"This is not Madoff," Reid Weingarten, Jackson's lawyer, said in court, referring to notorious Wall Street swindler Bernie Madoff. "There was no Ponzi scheme."

Sandi Jackson sobbed through part of her courtroom statement and said she "put her family unit in peril" for filing false tax returns.

"I stand before you today asking for mercy," she said. "My heart breaks every day with the pain it's caused my babies. I ask the court for mercy."

Prosecutors had sought a four-year sentence for Jackson and 18 months in jail and restitution of $168,550 for his wife.

"This is a sad day that involves a waste of talent," prosecutor Matthew Graves said. "They were in the top 10% of household earnings in the United States. There's just no need for this kind of conduct."

Graves said that Jackson did not "deserve credit" for his job as a congressman.

"That's what he was paid to do," he said.

Jackson's lawyers pointed to his record in Washington -- one they said was good -- in arguing for a lighter sentence.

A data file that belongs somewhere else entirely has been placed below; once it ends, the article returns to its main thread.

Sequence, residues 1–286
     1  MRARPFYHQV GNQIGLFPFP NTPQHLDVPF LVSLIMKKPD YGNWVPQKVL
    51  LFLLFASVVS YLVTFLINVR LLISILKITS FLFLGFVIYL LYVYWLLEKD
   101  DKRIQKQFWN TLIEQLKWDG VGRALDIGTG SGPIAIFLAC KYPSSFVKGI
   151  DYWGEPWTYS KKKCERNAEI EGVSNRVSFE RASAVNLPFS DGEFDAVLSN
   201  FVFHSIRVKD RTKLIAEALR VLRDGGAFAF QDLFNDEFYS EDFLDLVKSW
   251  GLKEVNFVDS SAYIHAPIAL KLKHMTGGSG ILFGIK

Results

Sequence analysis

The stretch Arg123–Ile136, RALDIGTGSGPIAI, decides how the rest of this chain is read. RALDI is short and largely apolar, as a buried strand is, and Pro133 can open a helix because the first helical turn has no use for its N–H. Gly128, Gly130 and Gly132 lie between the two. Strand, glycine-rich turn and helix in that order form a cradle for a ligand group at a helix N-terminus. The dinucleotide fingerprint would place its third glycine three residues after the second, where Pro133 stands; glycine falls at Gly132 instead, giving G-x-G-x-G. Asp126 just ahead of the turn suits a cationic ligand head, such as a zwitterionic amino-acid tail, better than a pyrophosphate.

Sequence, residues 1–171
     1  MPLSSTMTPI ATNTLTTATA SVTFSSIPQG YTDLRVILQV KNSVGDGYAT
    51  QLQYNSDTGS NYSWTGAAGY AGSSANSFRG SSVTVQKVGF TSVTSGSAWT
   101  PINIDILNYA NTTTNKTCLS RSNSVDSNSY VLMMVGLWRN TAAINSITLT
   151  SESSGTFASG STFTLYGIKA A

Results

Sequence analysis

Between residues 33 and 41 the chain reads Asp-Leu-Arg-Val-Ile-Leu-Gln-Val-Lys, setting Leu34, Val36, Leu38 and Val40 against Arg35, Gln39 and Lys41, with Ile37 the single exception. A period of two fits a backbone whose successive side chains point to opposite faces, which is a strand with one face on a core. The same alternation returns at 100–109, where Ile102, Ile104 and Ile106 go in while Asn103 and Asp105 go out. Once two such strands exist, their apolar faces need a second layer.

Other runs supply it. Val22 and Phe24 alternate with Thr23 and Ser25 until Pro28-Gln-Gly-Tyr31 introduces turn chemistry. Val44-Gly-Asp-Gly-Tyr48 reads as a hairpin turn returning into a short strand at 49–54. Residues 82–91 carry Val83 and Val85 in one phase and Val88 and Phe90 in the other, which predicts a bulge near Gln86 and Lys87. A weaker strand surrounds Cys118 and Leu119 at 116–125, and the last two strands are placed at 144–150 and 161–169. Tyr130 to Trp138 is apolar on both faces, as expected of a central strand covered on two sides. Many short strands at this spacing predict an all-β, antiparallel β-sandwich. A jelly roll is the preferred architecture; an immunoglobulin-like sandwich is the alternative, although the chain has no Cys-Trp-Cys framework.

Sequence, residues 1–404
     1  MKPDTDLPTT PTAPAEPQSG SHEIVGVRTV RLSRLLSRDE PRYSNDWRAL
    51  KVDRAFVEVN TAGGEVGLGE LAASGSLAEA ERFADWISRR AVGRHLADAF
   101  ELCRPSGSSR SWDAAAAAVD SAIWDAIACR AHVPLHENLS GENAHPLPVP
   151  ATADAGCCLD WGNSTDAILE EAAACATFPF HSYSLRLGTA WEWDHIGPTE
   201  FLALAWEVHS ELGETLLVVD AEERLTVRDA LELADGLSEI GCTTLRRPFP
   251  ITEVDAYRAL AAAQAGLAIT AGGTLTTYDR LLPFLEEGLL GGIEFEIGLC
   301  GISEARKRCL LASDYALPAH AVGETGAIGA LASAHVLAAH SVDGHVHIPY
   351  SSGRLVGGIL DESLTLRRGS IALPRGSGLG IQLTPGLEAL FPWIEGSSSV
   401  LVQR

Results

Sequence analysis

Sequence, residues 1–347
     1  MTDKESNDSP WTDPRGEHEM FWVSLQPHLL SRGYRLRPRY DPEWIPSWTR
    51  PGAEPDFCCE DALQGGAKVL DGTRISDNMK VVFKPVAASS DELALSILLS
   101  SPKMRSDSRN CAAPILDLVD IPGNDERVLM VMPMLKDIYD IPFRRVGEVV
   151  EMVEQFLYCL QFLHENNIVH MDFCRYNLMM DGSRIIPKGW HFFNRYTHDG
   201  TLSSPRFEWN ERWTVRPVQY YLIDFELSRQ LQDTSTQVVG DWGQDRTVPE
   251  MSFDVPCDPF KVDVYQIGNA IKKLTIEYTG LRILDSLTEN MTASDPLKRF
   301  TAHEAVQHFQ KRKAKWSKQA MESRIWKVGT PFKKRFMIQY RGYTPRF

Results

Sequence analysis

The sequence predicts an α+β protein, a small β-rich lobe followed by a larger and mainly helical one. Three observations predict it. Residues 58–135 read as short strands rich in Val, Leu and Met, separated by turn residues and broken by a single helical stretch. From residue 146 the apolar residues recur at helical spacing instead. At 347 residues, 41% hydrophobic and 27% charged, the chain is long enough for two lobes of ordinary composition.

The defense team also requested that Jackson be jailed at federal correctional facilities in either Montgomery, Alabama, or Butner, North Carolina.

Butner is where Madoff is serving his 150-year sentence for investment fraud. Both facilities are minimum security.

"I ask for Alabama so I can be as far away from everybody for a while as I can be," Jackson said in court. "I want to make it a little inconvenient for everybody to get to me."

Prosecutors have kept the couple's children in mind, suggesting the Jacksons serve their sentences consecutively so that one parent is able to be home at all times, but asked the judge not to grant Sandi Jackson probation on account of her children.

"There are numerous parents who are sentenced every day," Graves said. "That isn't a basis for a probationary sentence."

After sentencing the couple, the court gave the Jacksons a few minutes to discuss who wanted to serve their sentence first.
The entire CNN story is available here.

Tuesday, August 6, 2013

US Prison Populations Decline

The New York Times has an interesting piece regarding the continued decrease in the U.S. prison population.